Westminster chaos affords preview of Britain standing alone with its demons
The Irish Times columnist Fintan O'Toole explains what he thinks is driving support for Brexit in the UK, during a recent lecture at University College Cork. Video: UCC Ireland
"The alleged aptitude of the English for self-government," wrote Bernard Shawin his preface to Androcles and the Lion, "is contradicted by every chapter of their history." Shaw was, of course, parodying British imperialist rhetoric and its insistence that lesser peoples - including his own nation, the Irish - were not ready to govern themselves. He was being naughtily provocative, which only the most irresponsible of commentators would dare to be in these grave times.
But there is nonetheless some tinge of truth in his words. Aptitude for self-government is not what comes to mind when one looks in from the outside at the goings-on in Westminster last week, when, as Tom Peck so brilliantly put it in the London Independent, "the House of Commons was a Benny Hill chase on acid, running through a Salvador Dali painting in a spaceship on its way to infinity".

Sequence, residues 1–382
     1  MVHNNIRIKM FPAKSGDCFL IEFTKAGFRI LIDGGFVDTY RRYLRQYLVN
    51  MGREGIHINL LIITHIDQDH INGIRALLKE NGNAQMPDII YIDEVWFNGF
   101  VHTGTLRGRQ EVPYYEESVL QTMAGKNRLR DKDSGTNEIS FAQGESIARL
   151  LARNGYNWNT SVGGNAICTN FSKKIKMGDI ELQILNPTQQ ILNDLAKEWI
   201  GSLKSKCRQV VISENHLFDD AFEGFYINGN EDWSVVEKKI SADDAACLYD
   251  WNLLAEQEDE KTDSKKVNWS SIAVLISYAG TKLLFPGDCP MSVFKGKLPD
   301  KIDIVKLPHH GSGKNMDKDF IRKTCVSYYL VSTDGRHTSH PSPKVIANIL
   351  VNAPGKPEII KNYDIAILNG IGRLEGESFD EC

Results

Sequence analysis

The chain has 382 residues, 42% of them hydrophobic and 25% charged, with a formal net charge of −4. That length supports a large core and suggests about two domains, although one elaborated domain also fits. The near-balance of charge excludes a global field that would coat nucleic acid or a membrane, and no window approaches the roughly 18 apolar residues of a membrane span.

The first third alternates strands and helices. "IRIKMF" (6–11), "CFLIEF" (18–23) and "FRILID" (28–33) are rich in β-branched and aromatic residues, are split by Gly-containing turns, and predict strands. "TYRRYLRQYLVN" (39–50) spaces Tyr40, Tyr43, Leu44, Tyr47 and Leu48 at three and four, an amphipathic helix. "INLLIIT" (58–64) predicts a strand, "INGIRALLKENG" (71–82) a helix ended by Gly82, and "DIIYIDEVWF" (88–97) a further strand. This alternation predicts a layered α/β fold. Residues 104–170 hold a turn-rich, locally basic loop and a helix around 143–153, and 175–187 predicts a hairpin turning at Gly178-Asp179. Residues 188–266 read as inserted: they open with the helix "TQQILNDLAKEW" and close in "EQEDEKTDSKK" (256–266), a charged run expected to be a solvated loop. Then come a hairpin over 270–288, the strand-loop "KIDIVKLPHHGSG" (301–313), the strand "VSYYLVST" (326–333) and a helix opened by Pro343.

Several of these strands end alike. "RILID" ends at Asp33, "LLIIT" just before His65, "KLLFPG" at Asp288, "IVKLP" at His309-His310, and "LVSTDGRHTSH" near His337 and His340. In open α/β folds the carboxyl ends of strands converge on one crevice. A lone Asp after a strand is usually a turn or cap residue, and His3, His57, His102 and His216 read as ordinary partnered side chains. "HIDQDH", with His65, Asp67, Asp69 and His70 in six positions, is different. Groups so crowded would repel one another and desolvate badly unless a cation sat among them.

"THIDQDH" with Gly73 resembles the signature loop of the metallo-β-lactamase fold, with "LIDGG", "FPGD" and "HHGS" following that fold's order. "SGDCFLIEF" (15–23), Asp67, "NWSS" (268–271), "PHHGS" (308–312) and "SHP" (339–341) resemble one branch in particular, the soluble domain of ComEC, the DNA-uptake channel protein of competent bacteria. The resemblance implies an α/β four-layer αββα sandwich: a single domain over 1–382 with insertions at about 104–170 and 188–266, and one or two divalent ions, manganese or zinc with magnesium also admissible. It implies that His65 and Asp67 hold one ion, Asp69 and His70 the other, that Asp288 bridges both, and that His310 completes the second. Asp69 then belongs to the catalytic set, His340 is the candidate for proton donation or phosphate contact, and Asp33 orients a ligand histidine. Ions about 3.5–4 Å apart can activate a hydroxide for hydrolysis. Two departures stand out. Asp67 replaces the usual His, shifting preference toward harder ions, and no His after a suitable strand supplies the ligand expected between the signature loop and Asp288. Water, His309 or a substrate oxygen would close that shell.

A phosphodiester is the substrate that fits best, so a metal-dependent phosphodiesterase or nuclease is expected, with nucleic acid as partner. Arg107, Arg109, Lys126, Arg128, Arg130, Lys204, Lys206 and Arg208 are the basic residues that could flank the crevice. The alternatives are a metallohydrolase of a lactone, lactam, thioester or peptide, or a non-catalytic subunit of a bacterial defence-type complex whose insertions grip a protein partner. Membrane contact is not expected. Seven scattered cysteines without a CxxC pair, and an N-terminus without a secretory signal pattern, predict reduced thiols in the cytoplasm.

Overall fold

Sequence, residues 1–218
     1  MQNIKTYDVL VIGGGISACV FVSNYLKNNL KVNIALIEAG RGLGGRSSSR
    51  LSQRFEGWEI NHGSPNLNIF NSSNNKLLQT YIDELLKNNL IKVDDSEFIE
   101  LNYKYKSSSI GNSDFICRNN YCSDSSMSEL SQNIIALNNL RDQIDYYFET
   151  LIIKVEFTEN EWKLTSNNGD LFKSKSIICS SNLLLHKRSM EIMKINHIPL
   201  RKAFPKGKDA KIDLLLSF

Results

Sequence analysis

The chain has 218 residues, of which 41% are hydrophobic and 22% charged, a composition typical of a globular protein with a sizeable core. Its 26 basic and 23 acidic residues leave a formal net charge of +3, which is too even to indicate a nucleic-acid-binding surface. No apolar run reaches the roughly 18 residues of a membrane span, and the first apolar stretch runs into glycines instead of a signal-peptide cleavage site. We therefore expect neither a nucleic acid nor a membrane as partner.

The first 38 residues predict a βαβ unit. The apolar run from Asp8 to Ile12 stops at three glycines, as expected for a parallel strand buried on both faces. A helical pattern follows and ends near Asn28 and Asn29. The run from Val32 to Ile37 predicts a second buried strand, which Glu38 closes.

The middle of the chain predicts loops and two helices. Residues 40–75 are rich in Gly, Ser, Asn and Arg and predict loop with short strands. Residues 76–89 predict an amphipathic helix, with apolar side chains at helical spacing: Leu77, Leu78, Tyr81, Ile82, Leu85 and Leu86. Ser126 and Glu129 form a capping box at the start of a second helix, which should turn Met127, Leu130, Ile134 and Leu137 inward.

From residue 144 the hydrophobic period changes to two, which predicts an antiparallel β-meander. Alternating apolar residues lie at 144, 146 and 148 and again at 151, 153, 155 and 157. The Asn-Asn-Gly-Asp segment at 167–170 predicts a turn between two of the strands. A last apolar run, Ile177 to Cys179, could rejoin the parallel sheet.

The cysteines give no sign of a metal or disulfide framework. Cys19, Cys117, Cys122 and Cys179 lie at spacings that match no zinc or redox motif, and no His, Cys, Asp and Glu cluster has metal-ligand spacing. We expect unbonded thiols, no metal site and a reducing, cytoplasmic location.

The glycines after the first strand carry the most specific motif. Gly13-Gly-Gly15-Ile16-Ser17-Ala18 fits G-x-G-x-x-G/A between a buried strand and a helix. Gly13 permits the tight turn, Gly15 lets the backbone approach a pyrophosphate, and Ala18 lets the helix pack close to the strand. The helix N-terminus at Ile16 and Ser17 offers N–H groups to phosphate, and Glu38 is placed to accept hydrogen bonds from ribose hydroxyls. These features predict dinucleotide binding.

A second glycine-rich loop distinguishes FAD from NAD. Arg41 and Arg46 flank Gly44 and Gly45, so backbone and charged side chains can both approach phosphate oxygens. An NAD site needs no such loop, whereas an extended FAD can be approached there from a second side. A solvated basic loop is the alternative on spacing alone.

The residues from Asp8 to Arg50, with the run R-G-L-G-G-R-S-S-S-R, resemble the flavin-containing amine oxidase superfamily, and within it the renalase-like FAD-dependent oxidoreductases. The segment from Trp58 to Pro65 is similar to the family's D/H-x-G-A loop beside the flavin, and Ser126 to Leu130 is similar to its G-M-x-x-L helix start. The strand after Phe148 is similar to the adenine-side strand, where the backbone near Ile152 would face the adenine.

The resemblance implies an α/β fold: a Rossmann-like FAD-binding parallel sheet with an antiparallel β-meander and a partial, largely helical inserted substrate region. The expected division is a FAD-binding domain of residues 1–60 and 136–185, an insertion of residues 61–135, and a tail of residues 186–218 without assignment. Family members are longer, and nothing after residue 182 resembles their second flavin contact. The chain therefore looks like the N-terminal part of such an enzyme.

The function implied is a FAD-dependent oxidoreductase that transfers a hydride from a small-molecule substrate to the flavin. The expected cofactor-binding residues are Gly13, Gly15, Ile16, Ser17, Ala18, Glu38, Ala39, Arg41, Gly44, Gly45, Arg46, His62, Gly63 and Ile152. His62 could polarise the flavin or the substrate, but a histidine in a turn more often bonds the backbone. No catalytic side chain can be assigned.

Let's just say that if Theresa May were the head of a newly liberated African colony in the 1950s, British conservatives would have been pointing, half-ruefully, half-gleefully, in her direction and saying "See? Told you so - they just weren't ready to rule themselves. Needed at least another generation of tutelage by the Mother Country."
There is a surreal kind of logic to this. If, as the Brexiteers do, you imagine yourself to be an oppressed colony breaking away from the German Reich aka the European Union, perhaps you do end up with a pantomime version of the travails of newly independent colonies, including the civil wars that often follow national liberation.